Quick Book Review: “Call Me Burroughs: A Life” by Barry Miles

"Call Me Burroughs: A Life" by Barry Miles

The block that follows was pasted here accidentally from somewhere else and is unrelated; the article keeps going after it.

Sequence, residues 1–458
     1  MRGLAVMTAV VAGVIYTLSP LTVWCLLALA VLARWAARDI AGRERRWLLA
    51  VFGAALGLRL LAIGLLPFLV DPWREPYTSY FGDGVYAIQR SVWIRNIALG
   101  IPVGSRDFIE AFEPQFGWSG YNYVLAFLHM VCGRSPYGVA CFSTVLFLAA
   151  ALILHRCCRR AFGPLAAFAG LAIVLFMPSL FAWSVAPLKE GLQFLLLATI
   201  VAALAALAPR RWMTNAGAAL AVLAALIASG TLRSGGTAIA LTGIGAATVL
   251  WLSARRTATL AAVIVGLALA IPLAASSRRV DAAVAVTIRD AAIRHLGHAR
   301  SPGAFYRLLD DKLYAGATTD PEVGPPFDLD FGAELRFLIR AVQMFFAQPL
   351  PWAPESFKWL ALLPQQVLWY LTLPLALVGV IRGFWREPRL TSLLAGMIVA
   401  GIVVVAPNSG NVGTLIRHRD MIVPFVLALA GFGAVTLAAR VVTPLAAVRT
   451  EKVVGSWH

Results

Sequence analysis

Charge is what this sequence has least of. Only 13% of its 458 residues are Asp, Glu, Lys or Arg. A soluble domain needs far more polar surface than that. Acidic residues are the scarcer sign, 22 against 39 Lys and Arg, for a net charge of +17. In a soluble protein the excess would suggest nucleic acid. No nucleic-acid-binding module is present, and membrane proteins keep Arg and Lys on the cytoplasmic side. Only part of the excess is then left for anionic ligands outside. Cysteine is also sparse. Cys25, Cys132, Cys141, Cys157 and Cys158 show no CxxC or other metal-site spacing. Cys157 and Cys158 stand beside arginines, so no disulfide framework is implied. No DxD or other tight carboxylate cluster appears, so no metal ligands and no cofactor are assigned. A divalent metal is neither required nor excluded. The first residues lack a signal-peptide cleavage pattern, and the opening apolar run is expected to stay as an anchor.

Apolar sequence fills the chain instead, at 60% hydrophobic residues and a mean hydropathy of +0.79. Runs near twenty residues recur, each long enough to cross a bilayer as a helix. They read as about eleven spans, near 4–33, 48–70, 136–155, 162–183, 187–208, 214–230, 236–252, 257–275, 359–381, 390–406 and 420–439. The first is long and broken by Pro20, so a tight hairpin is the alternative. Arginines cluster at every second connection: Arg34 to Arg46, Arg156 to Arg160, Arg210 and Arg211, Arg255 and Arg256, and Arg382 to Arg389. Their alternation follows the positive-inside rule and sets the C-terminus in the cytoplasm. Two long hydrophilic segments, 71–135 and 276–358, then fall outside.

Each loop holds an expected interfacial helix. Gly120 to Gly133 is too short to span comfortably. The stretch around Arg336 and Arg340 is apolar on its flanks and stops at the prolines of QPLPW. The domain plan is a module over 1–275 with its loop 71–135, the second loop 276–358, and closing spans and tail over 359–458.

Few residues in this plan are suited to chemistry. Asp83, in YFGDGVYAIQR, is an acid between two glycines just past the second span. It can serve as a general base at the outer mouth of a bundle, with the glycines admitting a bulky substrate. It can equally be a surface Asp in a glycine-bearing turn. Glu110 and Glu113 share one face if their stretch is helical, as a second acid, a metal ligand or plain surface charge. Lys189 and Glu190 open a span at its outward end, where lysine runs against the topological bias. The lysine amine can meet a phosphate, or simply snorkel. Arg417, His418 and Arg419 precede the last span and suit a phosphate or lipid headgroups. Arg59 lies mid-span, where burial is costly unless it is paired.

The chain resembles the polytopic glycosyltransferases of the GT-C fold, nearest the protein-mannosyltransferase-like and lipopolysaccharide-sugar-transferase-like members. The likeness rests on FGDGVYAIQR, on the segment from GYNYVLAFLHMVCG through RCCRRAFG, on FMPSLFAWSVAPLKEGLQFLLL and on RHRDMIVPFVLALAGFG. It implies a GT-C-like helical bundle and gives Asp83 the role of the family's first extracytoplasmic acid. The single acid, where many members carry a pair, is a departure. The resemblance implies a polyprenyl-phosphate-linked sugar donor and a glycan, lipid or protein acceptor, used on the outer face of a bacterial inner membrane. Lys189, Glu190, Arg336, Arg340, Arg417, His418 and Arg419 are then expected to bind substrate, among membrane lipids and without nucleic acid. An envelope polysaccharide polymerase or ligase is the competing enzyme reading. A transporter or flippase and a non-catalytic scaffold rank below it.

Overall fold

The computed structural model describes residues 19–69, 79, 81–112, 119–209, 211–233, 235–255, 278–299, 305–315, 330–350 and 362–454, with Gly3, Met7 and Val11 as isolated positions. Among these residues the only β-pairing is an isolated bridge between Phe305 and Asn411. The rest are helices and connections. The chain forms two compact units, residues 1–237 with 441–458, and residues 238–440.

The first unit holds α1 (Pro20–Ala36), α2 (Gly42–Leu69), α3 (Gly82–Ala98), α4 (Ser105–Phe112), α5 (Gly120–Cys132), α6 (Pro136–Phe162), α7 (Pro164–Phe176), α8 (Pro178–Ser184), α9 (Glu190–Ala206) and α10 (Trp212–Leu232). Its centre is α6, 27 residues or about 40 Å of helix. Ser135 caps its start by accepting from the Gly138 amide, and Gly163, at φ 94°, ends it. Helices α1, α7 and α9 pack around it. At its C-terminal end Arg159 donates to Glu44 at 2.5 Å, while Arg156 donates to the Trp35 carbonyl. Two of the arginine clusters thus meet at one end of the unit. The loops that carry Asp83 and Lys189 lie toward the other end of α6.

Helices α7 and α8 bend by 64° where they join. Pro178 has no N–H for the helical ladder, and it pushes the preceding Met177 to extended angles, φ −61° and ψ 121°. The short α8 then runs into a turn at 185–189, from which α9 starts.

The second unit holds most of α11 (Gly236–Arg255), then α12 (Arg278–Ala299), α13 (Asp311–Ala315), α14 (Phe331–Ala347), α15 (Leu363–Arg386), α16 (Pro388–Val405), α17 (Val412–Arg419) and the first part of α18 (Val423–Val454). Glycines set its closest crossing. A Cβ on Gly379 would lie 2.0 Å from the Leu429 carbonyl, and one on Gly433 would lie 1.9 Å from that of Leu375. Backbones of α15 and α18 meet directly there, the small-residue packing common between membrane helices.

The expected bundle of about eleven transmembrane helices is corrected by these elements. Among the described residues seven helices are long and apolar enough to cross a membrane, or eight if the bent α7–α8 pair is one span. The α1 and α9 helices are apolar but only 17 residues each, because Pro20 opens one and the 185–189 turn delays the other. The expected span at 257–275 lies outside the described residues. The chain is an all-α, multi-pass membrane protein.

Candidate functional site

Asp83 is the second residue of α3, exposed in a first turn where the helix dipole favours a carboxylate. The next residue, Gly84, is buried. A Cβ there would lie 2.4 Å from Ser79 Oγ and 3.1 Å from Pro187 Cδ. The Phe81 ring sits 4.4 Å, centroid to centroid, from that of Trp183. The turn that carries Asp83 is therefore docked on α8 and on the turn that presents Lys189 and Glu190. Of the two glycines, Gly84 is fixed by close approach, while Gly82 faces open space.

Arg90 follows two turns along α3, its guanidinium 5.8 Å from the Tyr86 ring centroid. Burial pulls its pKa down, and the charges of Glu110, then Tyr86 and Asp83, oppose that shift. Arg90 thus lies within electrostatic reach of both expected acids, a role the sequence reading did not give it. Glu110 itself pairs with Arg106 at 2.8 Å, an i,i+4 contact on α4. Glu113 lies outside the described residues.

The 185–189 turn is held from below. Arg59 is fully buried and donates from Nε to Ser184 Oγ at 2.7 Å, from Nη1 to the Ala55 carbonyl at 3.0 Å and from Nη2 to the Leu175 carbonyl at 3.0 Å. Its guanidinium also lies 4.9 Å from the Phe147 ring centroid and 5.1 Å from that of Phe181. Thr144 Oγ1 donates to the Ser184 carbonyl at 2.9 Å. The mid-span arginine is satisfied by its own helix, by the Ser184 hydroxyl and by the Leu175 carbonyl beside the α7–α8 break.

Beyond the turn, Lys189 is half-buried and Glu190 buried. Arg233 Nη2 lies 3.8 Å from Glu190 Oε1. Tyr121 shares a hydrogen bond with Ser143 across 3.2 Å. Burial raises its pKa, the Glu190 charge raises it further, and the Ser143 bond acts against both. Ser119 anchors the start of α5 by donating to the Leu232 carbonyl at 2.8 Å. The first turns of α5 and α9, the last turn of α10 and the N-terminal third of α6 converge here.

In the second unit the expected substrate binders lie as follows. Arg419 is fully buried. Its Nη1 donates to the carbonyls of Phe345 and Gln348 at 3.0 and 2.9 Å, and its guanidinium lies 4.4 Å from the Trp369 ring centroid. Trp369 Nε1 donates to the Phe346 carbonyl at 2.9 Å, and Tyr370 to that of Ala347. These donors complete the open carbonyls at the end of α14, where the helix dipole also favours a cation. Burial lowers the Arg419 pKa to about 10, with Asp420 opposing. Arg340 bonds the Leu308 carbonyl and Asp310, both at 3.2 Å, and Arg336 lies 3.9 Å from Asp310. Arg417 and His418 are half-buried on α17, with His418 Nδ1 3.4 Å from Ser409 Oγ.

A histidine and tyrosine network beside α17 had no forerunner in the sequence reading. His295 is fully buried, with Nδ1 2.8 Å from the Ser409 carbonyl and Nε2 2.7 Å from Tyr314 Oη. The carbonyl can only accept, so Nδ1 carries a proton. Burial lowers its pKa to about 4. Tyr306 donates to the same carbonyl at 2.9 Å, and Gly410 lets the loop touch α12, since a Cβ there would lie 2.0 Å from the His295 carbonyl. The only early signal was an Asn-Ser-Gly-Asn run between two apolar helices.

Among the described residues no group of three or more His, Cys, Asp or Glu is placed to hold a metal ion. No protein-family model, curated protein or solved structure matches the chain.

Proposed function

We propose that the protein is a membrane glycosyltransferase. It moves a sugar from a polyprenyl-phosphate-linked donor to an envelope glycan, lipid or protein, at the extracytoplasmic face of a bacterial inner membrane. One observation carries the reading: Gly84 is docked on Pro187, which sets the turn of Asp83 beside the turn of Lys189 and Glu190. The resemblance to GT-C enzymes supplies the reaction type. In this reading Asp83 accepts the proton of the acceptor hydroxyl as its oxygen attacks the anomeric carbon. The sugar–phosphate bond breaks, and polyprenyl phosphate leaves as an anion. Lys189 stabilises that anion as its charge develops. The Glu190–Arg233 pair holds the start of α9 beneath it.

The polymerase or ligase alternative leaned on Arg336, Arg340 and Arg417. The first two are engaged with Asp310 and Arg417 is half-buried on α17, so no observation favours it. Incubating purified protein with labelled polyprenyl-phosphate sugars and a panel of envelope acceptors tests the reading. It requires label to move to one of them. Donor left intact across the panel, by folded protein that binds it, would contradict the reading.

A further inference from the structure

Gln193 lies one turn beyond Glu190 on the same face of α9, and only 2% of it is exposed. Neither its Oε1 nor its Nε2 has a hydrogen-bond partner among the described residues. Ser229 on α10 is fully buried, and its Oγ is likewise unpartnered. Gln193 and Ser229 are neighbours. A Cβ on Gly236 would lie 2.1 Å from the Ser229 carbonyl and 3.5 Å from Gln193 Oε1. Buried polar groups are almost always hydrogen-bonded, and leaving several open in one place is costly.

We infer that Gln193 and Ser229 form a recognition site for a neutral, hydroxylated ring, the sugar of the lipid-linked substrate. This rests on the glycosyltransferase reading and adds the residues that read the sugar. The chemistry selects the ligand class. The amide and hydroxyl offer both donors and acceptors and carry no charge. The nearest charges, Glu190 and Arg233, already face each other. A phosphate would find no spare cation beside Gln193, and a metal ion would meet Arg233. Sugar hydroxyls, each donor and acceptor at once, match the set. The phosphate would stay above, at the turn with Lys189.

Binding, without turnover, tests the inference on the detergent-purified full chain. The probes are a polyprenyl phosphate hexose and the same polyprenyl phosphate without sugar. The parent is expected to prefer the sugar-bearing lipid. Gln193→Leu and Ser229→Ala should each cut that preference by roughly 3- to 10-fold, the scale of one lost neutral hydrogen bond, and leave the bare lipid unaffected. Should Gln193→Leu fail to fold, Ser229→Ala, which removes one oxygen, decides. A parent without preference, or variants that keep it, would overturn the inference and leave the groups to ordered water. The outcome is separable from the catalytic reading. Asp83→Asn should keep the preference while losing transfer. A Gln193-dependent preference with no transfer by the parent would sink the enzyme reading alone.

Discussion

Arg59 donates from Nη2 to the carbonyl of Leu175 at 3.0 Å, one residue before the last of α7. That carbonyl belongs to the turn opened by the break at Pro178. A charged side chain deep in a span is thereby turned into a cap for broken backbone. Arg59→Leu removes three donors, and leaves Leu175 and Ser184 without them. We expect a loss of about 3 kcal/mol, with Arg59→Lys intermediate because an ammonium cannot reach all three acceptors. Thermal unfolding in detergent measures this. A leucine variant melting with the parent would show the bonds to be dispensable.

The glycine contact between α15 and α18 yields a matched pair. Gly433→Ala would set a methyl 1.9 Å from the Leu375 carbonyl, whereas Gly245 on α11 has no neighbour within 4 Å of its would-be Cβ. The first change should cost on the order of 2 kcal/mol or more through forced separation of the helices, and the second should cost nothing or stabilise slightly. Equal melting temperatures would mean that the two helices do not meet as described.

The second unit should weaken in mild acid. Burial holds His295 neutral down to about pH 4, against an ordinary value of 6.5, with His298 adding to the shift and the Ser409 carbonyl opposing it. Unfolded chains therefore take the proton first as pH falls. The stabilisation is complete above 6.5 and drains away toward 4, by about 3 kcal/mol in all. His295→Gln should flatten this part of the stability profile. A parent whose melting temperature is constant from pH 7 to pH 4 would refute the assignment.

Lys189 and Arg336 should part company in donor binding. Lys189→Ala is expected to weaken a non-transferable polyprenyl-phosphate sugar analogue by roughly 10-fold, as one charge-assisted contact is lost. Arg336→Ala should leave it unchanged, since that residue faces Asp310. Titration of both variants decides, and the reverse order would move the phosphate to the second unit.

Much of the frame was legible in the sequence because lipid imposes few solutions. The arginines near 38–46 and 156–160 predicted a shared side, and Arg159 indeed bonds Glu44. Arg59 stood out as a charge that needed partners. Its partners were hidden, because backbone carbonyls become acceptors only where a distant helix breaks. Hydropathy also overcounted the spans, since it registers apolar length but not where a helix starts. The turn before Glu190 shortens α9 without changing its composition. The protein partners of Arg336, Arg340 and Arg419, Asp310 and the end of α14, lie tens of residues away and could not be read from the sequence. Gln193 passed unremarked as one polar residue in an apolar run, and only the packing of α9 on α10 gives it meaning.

A huge, very detailed, excellent biography of a very interesting character.  I’ve always had a fascination for the so-called “beat” writers (although Burroughs, as I learned, bristled at being categorized as such), and WSB was undoubtedly the most interesting of the bunch.  The book chronicles, in extensive detail, the insanity that gripped much of this man’s life.  The myriad places he’s lived (New York, Spain, France, Mexico, Morocco, Kansas, etc.), the company he kept (Ginsburg, Gysin, Huncke, Kerouac, Corso, countless others), his fascination with guns, his love of cats, his sexual proclivities (men and women; mostly men), his pioneering work with cutting up and re-assembling his words, his collage experiments, his brief immersion in Scientology, his late career as a painter, his evolving into an icon of coolness, and of course his lifelong obsession and prodigious consumption of drugs and alcohol.  Heroin, morphine, opium, methadone, marijuana, peyote, hashish… you name it, he’s not only done it, he’s become addicted to it.  Countless episodes of rehab.  The murder of his wife (by his own hand), the neglect of his son, the deaths of his friends, and his own death, at the age of 83.  A very well-researched biography of an unforgettable individual. 

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